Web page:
hands long as we can stand up to it, an' all git reg'lar sleep. I'm
needin' some myself."

Rainey knew that neither he nor Hansen got within two-thirds as much
out of their shifts as when Lund was in command, though he had given
them the pick of the men. It was not that the men malingered, they
simply, neither of them, had the knack of keeping the work going at top
speed and top effectiveness.

But, with Lund handling all of them as a unit, it was not long before
the shovels began to scrape on the bare rock that underlay the gravel at
tide edge, and work swiftly back to the end of the U. The outdoors
kitchen had been established on top of the promontory between the
schooner and the beach, a primitive arrangement of big pots slung from
tripods over fires kindled on a flat area that was partly sheltered from
the sea and the prevailing winds by outcrops of weathered lava.

At dawn the men trooped from the schooner to be fed and warmed, and then
they flung themselves at their task. The more they got out the more
there was in it for them. But Lund was their overlord, their better, and
they knew it. Only Deming worked with one hand the handle of the forge
bellows, or fed the fires, and sneered.

Lund stood a full head above the tallest of them, which was Rainey, and
he was always in the thick of the work, directing, demanding the utmost,
and setting example to back command. His eyes had bothered him, and he
had made a pair of Arctic snow-glasses, mere circles of wood with slits
in them. But under these the sweat gathered, and he discarded them,
resorting to the primitive device of smearing soot all about his eyes.
This, he said, gave him relief, but it made him a weird sort of Caliban
in his labors.

On the fifteenth day, with the work better than half done, with more
than a ton of actual gold in colors, that ranged from flour dust to
nuggets, in the strong-room, the weather began to change. It misted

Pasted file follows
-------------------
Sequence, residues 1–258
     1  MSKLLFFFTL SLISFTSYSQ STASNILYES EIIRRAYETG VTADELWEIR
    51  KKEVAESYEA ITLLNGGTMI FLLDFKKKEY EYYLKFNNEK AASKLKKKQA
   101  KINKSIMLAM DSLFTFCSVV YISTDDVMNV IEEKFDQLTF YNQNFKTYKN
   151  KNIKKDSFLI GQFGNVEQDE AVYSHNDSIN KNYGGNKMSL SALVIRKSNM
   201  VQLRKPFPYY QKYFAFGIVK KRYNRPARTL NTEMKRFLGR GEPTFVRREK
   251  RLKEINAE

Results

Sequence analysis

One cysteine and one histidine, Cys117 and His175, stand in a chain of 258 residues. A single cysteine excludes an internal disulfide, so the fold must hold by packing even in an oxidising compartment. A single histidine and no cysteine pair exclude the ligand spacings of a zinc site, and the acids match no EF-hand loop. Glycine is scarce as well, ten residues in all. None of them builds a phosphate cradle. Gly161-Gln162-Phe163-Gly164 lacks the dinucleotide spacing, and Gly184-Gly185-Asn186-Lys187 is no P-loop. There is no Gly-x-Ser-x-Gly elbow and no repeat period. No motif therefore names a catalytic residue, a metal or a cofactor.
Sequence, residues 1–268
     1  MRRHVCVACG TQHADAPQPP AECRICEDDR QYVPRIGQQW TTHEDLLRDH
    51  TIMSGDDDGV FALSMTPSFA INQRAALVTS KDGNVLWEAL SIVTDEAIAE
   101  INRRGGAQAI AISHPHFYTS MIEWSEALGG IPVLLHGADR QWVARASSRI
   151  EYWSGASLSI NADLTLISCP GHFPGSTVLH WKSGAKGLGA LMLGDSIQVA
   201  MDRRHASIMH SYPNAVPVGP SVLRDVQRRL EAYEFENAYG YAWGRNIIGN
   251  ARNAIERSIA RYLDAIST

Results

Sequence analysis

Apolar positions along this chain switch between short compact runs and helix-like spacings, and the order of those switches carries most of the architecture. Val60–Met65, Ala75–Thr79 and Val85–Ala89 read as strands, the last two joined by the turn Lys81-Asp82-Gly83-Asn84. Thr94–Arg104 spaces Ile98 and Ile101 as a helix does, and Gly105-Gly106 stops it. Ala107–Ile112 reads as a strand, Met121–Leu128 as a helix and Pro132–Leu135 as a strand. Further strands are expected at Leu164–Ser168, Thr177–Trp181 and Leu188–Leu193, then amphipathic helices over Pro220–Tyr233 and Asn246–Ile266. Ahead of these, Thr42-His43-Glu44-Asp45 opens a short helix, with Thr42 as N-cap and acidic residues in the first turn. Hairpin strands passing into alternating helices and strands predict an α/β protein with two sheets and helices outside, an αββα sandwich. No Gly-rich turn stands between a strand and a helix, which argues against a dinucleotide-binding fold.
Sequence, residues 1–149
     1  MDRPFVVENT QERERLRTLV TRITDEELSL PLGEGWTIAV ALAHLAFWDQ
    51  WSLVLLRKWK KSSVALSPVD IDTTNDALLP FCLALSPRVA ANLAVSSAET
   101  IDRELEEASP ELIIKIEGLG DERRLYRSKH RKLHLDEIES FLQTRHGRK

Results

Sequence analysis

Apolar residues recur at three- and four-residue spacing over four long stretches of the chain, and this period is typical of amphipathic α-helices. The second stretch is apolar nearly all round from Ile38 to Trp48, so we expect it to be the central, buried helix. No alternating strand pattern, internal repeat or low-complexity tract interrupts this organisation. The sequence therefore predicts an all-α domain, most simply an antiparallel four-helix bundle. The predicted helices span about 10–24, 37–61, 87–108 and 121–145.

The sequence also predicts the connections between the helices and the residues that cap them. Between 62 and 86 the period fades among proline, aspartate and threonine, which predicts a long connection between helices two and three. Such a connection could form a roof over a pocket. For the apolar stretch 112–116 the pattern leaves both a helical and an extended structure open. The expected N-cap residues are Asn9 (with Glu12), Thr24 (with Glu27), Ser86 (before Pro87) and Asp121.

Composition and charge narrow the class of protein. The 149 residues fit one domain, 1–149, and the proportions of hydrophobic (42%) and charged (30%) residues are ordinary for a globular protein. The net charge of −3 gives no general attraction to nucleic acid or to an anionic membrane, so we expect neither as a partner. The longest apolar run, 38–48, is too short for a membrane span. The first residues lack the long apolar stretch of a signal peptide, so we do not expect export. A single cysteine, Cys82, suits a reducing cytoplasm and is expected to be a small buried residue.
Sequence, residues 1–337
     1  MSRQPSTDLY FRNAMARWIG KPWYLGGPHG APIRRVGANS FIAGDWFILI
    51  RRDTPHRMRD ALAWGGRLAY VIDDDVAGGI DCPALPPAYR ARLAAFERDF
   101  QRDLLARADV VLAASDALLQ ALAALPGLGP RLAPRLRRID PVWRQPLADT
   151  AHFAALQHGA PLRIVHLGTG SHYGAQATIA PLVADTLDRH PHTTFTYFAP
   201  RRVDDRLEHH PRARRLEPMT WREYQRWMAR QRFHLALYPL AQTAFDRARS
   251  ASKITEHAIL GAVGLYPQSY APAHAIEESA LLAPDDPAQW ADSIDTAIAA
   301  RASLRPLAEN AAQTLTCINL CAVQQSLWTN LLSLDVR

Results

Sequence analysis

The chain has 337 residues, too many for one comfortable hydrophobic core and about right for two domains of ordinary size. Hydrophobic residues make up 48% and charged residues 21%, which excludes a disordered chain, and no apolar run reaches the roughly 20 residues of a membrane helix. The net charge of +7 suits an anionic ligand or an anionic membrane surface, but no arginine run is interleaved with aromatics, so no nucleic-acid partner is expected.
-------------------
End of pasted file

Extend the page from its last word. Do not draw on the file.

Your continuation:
continually, and Lund, rejoicing, prophesied the breaking up of the cold

By the eighteenth day a regular Chinook was blowing, melting the sharper
outlines of the icy crags and pinnacles, and providing streams of
moisture that, in the nights now gradually growing longer, glazed every
yard of rock with peril.

The men worked in a muck with their rubber sea-boots worn out by
constant chafing, sweaters torn, the blades of their shovels reduced by
the work demanded of them, the drills, shortened by steady sharpening,
gone like the spare flesh of the laborers, who, at last, began to show
signs of quicker and quicker exhaustion with occasional mutterings of
discontent, while Lund, intent only upon cleaning off the rock as a
dentist cleans a crumbling tooth, coaxed and cursed, blamed and praised
and bullied, and did the actual work of three of them.

Dead with fatigue, filled with food, drowsy from the liberal grog
allowance at the end of the day, the men slept in a torpor every night
and showed less and less inclination to respond, though the end of their
labors was almost in sight.

"What's the use, we got enough," was the comment beginning to be heard
more and more frequently. "Lund, he's got more'n he can spend in a

Rainey could not trace these mutterings to Deming's instigation, but he
suspected the hunter. There was no poker; all hands were too tired for

The ice in which the schooner was packed began to show signs of
disintegration. The surface rotted by day and froze again by night and
this destroyed its compactness. If the sun's arc above the horizon had
been longer, its rays more vertical, the ice must infallibly have melted
and freed the _Karluk_, for it was salt-water ice, and there were times
when the thermometer stayed above its freezing point for two or three
hours around noon.

Lund gave the holding floe scant attention. So long as the present
weather kept up he declared that he could dynamite his way out inside of
four hours.

The effect of all this on Rainey was a bit bewildering. He was judging